America Urges Government to 'Do Something!'

I have previously argued that gridlock in Washington is one of the last (short-term) lines of defense against rampaging attacks on individual rights in day-to-day politics. It turns out that this isn't a popular view among a majority of Americans.

From today's Boston Globe, we find the following:
While half of Americans disapprove of how Democratic leaders in Congress are doing their job, a majority believes that one-party control of Capitol Hill and the White House will be good for the country, according to a new survey.

The CNN/Opinion Research Corp. poll released yesterday found that 47 percent approve of the job Democratic congressional leaders are doing and 50 percent disapprove.

But 59 percent say that Democratic control of the House, Senate, and presidency will be good for the country, while only 38 percent say it will be bad for the nation.
Although 50% of Americans think that the Democrats in Congress are performing poorly, 59% think that finally having them control both the Legislative and Executive branches will be a good thing. I scratched my head about that one for a bit, until I realized that those 59% of Americans may not necessarily care what the government does, as long as it does something.

This is a perfect example of the pragmatic, nanny state mentality that so many people have today. They may recognize that the actions of the current leadership are bad, but in the same breath state that maybe things will be better if they can do more, with less resistance.

It turns out that Gus Van Horn saw a similar case today, but drawing from a different set of facts. Commenting on a story of a recent crackdown on free speech by Burma's dictator, and one reader's view that it isn't socialism but instead the selfishness of the dictator that is the cause of the trouble, Gus says:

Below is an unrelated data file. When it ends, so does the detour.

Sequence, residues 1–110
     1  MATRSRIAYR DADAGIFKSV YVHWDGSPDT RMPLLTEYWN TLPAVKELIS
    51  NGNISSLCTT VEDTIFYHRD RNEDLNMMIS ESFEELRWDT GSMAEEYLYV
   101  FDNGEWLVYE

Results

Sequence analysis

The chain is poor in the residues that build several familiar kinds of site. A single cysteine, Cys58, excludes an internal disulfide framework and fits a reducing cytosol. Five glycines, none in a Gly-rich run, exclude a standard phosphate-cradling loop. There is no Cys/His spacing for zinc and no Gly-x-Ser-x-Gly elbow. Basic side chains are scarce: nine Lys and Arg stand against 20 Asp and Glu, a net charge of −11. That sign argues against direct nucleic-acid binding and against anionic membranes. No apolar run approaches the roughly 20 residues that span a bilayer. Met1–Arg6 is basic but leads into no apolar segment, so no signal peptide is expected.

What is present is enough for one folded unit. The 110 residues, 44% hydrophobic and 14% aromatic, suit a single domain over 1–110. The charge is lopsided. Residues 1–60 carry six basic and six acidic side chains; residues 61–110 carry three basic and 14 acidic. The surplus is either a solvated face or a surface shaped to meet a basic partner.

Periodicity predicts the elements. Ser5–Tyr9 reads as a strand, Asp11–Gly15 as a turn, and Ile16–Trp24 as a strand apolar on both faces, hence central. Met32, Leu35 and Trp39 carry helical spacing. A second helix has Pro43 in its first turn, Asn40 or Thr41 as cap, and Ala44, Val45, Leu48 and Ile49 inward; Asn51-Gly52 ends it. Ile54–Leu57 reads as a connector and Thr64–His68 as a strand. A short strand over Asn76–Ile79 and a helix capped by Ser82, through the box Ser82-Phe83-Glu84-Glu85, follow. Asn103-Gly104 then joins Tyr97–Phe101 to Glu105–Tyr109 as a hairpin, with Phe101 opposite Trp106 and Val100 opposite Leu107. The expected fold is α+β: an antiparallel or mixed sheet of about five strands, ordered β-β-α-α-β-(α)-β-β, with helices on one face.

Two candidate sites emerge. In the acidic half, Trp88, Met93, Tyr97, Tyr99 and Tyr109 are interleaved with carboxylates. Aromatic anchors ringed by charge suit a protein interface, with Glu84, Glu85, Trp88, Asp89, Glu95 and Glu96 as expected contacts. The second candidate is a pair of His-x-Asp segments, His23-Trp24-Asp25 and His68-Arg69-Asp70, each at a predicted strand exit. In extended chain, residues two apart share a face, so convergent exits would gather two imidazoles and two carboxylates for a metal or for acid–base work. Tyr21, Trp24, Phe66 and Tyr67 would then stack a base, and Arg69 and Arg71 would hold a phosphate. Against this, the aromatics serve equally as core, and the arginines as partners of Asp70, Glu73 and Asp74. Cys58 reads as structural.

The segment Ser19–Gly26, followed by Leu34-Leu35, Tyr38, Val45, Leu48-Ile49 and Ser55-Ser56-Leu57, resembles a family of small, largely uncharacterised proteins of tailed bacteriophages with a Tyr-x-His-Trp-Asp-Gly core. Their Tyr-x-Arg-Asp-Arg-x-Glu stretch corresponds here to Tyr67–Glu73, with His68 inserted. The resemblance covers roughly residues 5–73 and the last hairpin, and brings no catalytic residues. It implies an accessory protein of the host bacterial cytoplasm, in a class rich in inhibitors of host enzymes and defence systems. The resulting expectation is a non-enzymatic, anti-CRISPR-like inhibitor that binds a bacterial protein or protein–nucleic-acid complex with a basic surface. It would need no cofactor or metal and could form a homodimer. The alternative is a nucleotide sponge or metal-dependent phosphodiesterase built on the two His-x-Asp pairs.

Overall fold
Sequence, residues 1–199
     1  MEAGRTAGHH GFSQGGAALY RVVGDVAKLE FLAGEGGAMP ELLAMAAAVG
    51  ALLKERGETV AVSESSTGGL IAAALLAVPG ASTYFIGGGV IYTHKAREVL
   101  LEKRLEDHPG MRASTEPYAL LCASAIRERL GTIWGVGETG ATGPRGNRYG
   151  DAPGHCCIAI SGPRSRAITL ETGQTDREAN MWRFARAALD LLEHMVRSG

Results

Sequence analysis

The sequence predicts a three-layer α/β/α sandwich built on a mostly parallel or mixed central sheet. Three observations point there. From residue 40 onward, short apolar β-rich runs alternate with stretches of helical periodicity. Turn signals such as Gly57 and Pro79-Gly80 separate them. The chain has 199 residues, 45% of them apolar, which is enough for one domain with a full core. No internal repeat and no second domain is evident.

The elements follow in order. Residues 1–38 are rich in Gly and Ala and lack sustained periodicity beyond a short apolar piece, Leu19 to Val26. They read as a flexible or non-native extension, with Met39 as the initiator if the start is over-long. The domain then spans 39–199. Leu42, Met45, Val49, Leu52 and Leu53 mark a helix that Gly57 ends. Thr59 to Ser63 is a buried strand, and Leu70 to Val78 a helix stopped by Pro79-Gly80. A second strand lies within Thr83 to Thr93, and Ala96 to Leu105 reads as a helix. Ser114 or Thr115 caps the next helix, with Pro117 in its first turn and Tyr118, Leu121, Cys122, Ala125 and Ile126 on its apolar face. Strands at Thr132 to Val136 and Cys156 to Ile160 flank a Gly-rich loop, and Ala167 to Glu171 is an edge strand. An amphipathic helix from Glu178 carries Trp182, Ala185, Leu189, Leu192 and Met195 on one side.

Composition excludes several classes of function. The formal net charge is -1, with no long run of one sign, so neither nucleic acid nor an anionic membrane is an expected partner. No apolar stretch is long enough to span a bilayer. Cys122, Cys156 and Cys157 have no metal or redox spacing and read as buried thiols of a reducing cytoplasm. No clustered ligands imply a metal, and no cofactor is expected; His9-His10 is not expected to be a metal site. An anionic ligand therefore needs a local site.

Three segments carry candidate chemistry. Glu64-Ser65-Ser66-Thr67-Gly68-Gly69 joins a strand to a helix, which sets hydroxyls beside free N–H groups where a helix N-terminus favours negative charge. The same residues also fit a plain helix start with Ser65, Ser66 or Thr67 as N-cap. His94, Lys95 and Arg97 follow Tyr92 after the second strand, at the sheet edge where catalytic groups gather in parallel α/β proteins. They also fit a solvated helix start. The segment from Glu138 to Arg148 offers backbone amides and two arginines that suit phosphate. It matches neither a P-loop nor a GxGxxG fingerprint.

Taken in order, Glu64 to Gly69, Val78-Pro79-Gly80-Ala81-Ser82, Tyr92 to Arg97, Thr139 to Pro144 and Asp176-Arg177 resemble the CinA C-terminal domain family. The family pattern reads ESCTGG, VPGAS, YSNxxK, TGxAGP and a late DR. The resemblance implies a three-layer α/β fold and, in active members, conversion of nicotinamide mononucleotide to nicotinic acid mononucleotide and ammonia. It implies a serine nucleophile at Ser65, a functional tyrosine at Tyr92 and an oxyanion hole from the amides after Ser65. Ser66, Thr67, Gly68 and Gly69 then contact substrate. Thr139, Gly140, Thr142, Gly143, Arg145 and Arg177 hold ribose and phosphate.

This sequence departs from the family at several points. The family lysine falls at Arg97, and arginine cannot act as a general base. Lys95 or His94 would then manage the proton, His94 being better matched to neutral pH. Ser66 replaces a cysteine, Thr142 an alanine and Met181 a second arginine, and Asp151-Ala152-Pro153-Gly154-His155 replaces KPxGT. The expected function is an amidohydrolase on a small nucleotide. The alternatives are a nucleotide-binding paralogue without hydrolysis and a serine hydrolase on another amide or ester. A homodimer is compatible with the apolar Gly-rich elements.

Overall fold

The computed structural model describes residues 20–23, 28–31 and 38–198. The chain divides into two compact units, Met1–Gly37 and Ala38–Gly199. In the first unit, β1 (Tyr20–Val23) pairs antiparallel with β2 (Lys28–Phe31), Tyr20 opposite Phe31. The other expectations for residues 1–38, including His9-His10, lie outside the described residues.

I have often spoken of a "dictator fantasy" in which people like this apologist for socialism (or Obama's more fanatical supporters) seem to think that the despot they want in power will rule as he, personally, sees fit. This is clear evidence of a lack of principled thought, and the proliferation of people with this fantasy is a direct result of the prevalence of the philosophical approach of pragmatism.
Perhaps the ineffectual (and, in fact, damaging) Democratic Congress is benefiting from the honeymoon glow of Obama's election, or that people are assuming that Congress will simply follow the lead of The One, because he has the Change We Need. But those of us who value our liberty can see that a desire for single-party rule under the banner of "Do something! Anything!" is recipe for disaster.

If things go as badly under an Obama administration as they could--if he gets all of his horrendous policies implemented and leads us into The Great Depression II--will those who suffered from the "dictator fantasy" wake up and find that "this isn't the despot we wanted!!"? Or will their pragmatism lead them to accept that, just like FDR, Obama did all he could, and he should be lauded as a hero?


Sir Andrew said...

I always thought the notion of "doing all one could" implied some degree of surrender. As if you met an opposing force and decided you couldn't stop it, or just didn't want to stop it.

C. August said...

That's a good point. History looks back in admiration at FDR, saying "Oh, he tried so hard!" as if that makes up for everything. It's not the quality of the performance, but how hard you tried that counts.